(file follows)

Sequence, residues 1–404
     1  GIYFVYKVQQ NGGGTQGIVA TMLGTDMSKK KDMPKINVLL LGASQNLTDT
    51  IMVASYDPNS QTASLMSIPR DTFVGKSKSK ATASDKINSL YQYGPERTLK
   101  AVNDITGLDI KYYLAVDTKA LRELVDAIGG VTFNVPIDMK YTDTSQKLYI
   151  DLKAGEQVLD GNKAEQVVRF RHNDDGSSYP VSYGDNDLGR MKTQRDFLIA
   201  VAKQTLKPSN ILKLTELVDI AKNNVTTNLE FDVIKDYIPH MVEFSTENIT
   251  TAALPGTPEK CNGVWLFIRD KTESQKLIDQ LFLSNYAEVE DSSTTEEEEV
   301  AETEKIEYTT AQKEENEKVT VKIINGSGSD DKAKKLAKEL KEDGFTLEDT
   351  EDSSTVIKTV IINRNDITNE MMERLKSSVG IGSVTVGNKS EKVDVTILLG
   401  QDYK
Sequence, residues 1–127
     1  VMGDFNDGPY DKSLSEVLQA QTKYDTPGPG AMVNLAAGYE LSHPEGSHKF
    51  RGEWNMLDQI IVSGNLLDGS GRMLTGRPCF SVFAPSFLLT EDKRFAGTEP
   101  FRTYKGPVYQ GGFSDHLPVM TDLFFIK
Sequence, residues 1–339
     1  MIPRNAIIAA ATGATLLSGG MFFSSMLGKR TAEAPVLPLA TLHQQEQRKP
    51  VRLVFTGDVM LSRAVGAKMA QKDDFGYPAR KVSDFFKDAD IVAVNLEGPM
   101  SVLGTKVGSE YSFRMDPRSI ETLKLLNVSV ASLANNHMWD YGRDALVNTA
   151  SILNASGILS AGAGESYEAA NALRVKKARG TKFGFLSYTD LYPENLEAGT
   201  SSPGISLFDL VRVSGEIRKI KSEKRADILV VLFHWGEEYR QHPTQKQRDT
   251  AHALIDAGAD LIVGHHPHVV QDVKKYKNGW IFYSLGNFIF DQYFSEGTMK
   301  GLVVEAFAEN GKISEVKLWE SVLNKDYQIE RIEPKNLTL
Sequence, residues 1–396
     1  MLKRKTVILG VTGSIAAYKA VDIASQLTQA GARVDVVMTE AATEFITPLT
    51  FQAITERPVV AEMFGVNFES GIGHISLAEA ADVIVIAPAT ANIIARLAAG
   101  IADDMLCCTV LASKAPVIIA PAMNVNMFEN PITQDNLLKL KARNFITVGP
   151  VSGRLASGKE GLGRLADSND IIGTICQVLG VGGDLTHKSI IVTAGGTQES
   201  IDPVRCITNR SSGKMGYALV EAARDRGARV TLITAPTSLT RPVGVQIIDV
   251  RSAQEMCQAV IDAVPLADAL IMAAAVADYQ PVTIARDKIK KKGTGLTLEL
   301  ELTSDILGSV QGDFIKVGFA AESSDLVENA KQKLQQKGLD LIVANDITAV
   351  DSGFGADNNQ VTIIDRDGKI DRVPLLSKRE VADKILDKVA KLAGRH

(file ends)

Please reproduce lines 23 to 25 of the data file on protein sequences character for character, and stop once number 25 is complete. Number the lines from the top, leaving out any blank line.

Sequence, residues 1–396
     1  MLKRKTVILG VTGSIAAYKA VDIASQLTQA GARVDVVMTE AATEFITPLT
    51  FQAITERPVV AEMFGVNFES GIGHISLAEA ADVIVIAPAT ANIIARLAAG